‘When I was a little girl, my mama used to lock me in the attic when I was bad, which was pretty often. I would pretend I was a princess trapped in a tower by a wicked queen. And then suddenly this knight on a white horse with these colours flying would come charging up and draw his sword. And I would wave. And he would climb up the tower and rescue me. But never in all the time that I had this dream did the knight say to me, ‘Come on, baby, I’ll put you up in a great condo.’
Meet Vivian Ward (Julia Roberts in her breakthrough role), a beautiful redhead. Oh, yeah, she’s also a prostitute.
Would you trust a man with a bald head, a potential Oedipus complex, tight leather chaps and a great line in leopard print cardigans? What about if he forced you to don a dodgy tracksuit, bad eyebrows and a poofy fringe? Would you still trust him if he led you into a maze with no guarantee of escape? And to top it off, would you still be so trusting after he thrusts you into a locked room to pit your wits in some of the most gruelling contests know to man in the hopes of winning a crystal which he’ll pocket immediately on your release?
Back in the day The Arsenio Hall Show was the hottest late night talk show on American TV. And even though we didn’t have it here in the UK, if you had friends or family in the US, you made sure they taped it for you every week!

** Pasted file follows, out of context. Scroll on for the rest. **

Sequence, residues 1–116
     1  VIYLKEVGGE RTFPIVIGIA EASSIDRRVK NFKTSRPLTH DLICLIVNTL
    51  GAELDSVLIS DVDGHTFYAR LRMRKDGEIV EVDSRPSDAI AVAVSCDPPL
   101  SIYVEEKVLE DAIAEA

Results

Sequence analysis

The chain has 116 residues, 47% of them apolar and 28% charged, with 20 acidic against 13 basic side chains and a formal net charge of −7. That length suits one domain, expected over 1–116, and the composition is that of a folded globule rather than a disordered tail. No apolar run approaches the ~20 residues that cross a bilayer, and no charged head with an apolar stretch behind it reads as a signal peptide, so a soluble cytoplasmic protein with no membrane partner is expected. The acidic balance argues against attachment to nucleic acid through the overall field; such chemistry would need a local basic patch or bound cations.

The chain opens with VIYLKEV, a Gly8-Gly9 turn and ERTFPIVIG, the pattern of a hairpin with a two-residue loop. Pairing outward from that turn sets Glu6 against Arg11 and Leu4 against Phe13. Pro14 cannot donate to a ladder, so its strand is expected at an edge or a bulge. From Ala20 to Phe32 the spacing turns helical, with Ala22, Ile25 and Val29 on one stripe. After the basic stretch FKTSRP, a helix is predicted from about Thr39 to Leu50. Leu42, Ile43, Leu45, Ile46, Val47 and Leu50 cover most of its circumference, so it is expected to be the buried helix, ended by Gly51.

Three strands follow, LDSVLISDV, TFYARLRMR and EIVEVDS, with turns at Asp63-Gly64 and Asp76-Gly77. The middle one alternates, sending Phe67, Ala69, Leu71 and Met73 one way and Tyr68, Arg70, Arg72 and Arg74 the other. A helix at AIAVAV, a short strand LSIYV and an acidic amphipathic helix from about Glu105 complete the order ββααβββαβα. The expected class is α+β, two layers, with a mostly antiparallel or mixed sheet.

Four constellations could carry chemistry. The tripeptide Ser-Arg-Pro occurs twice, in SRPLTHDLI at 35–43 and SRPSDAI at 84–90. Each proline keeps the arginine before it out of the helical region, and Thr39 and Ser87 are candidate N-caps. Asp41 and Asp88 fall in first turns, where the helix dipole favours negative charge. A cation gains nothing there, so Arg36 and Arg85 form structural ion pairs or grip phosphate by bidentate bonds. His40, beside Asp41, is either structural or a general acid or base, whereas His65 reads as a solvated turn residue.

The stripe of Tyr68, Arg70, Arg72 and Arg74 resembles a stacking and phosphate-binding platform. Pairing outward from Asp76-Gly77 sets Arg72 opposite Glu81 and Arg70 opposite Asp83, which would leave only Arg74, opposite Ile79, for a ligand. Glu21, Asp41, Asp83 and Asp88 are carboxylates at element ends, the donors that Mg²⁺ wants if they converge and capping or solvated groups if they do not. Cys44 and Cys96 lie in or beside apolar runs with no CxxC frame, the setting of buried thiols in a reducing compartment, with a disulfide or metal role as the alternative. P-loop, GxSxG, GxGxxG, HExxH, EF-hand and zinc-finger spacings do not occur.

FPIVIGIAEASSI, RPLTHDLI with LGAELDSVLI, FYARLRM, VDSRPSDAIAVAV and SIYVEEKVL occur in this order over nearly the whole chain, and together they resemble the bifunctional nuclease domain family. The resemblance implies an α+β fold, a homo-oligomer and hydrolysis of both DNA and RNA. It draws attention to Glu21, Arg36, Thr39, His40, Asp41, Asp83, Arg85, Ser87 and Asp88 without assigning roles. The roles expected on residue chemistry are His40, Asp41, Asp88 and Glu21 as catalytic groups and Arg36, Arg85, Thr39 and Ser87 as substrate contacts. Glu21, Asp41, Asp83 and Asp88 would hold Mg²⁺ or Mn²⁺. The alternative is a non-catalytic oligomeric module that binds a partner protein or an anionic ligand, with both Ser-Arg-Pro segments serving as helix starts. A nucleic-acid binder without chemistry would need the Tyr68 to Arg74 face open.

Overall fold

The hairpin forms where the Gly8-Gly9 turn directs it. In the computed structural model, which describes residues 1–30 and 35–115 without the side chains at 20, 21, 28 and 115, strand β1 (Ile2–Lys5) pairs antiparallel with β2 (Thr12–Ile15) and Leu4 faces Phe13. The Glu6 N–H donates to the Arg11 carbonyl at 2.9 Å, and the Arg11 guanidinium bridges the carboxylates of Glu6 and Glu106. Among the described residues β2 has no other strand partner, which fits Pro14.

Imagine this day at the office – you’re an undercover cop, just going about your business when you’re shot in the face by some ne’er-do-well. When you wake up, some bastard has reconstructed your face so you look like David Hasselhoff. Then, while you’ll still reeling from that horrible news, they give you a talking car.
So, you’ve got a super intelligent car that can drive itself, but you also have David Hasselhoff’s face. Swings and Roundabouts.
Anyway, that’s the set-up for Knight Rider (1982-1986). The aforementioned bastard was Wilton Knight, founded of FLAG (Foundation for Law and Government) and after he pops his clogs in the pilot episode, it’s up to Irish smoothie Devon Miles to send Michael (Hasselhoff) and KITT (Knight Industries Two Thousand) on crimebusting missions.
With Halloween approaching, it got me thinking about how the classic horror film doesn’t really exist anymore. I haven’t seen the latest Brit flick Demons Never Die yet, but haven’t heard great things about it to be honest.
Alas, gone are the days when it used to be a proper event whenever a scary movie was about to drop in the cinema. From Nightmare on Elm Street and its sequels, Friday 13th and Child’s Play, it was enough to get everyone (old and young) excited at the prospect of being scared sh**less all in the name of entertainment!
To this day a lot of the classic horrors are a lot more frightening that the newer ones, even with the advent of the Internet, HD, improved 3D, GGI and other technologies. For me the best flicks from this genre were either the ones which were just damn right disgustingly gruesome or the ones that weren’t that scary but had a good enough storyline to keep you entertained and cause the odd heart jump in all the right places. And if you were lucky you got both.
So, in saying that…I Miss The Old School take a look at the the top five old school horror flicks (in our humble opinion of course) of all time… ‘Of all time!’ *Kanye voice*